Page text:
The airline will recruit 2,000 pilots this year, double its previous maximum.
As millions take to the skies each day, airlines forecast a highly profitable summer, but can they manage the human resources? Never before have US-based airlines been more desperate for pilots. Running a reliable operation this summer will be critical to their continued recovery. Let’s hope so, with fewer pilots, supply will be limited, and ticket prices will continue to climb with demand.
American Airlines ramps up recruitment
In light of strong demand, Dallas/Fort Worth-based American Airlines is aiming to employ a total of 2,000 pilots by the end of 2022. This is the highest number of pilots ever recruited in one year by the airline, the previous high being only 50% of that, at 1,000 in a year. Speaking on the airline’s recent earnings call, Derek Kerr, American Airlines’ Chief Financial Officer said,
“On the pilot training pipeline, as Robert said, we’ve hired 600 pilots for the mainline. So it really is about ensuring we have the pilots. It’s about trying to hire 2,000 pilots this year versus the most we’ve ever hired in the past is 1,000.”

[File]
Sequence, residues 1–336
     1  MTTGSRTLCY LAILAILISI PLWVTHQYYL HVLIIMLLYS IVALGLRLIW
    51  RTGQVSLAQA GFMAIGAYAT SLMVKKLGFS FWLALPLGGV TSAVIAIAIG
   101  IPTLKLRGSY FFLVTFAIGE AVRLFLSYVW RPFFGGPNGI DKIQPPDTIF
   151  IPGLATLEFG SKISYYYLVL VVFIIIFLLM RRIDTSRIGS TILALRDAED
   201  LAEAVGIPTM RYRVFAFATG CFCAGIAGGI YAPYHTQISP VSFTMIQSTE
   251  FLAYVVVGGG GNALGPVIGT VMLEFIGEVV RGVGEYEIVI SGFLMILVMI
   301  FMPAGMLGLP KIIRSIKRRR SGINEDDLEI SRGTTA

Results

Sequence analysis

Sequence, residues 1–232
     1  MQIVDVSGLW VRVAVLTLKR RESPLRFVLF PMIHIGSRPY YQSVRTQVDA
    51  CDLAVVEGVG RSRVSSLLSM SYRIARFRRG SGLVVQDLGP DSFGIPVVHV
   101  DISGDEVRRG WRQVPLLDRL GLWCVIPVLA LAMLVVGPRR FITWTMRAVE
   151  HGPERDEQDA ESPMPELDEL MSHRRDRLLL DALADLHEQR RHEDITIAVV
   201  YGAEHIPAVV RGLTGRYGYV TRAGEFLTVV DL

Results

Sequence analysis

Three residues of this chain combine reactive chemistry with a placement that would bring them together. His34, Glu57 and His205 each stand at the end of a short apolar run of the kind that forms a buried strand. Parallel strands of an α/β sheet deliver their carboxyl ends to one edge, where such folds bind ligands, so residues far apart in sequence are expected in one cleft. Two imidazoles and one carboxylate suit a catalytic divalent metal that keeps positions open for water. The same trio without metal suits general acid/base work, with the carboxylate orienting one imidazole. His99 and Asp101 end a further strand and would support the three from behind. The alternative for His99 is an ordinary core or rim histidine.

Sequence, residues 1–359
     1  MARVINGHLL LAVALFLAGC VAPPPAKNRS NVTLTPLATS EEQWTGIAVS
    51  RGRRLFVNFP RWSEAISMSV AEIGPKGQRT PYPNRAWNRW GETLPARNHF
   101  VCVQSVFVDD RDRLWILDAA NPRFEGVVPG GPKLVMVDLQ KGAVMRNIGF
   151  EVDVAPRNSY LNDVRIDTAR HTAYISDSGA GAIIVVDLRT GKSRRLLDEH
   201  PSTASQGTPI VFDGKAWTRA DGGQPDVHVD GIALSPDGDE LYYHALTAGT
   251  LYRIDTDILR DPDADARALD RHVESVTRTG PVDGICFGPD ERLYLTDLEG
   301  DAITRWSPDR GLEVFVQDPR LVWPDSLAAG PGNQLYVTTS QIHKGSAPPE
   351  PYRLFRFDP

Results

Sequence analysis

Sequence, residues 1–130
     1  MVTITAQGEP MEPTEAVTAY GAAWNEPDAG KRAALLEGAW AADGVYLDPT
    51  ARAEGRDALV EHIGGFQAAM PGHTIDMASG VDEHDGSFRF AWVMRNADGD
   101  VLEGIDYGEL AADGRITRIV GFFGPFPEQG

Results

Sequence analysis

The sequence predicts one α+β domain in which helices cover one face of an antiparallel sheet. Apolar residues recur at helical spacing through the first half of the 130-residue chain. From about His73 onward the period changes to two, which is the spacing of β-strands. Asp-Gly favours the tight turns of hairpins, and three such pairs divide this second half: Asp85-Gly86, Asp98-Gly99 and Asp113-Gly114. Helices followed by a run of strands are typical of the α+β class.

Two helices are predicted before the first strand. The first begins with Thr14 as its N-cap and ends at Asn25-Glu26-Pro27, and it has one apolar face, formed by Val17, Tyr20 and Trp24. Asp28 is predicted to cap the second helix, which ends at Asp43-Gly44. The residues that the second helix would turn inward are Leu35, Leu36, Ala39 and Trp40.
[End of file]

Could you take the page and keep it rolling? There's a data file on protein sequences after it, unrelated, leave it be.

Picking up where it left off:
This signal of progress comes as March marks the airline’s first monthly net profit since July 2021. In the initial wake of the pandemic, American Airlines lost roughly 1,000 pilots to early retirements through various buyout packages. Those buyouts were aimed at reducing payroll costs while airlines hemorrhaged cash.
Currently, the attrition rate for pilots is much greater than the hiring rate. This is largely due to a backlog of trainees caused by mainline carriers hiring from regional carriers. It is vital for the airline to train pilots as efficiently as possible. To achieve this, the airline has addressed the need for simulators and trainers. American Airlines aims to have all aircraft flying by the end of the year.
The road to recovery
Although a profit is a good sign, it’s not a sure sign. There is still a long way to go until full recovery with the majority of analysts agreeing that this will take place in 2025. The airline is making constant adjustments to its schedules, network, and workforce as COVID-19 continues to shape the direction of the airline industry. Airlines that have made it this far through the pandemic have been forced to strike a perfect balance between ensuring aircraft are as full as possible whilst reducing the number of flights themselves. With a constantly evolving environment, overbooking, cancellations, and changes have been frequent.
American Airlines also has about 1,000 pilots out on leave who were furloughed during the COVID-19 pandemic and are being trained to get back into the air. As of 2019, the average American Airlines pilot made $238,000 in salary and benefits, according to the MIT Airline Data Project.
Source: Simple Flying